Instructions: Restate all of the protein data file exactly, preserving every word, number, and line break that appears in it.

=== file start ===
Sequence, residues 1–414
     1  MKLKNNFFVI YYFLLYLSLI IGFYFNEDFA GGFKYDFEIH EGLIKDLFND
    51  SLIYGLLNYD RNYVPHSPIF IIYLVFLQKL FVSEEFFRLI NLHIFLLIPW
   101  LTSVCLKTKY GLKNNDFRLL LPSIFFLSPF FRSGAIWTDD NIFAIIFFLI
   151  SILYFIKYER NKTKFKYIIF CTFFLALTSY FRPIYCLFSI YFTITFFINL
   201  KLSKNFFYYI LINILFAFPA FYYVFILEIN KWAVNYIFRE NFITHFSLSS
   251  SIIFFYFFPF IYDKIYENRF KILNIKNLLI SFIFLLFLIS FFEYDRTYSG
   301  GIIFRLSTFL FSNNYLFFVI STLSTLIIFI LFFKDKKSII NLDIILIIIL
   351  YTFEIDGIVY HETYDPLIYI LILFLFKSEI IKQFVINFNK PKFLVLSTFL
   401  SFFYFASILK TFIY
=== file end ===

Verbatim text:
Sequence, residues 1–414
     1  MKLKNNFFVI YYFLLYLSLI IGFYFNEDFA GGFKYDFEIH EGLIKDLFND
    51  SLIYGLLNYD RNYVPHSPIF IIYLVFLQKL FVSEEFFRLI NLHIFLLIPW
   101  LTSVCLKTKY GLKNNDFRLL LPSIFFLSPF FRSGAIWTDD NIFAIIFFLI
   151  SILYFIKYER NKTKFKYIIF CTFFLALTSY FRPIYCLFSI YFTITFFINL
   201  KLSKNFFYYI LINILFAFPA FYYVFILEIN KWAVNYIFRE NFITHFSLSS
   251  SIIFFYFFPF IYDKIYENRF KILNIKNLLI SFIFLLFLIS FFEYDRTYSG
   301  GIIFRLSTFL FSNNYLFFVI STLSTLIIFI LFFKDKKSII NLDIILIIIL
   351  YTFEIDGIVY HETYDPLIYI LILFLFKSEI IKQFVINFNK PKFLVLSTFL
   401  SFFYFASILK TFIY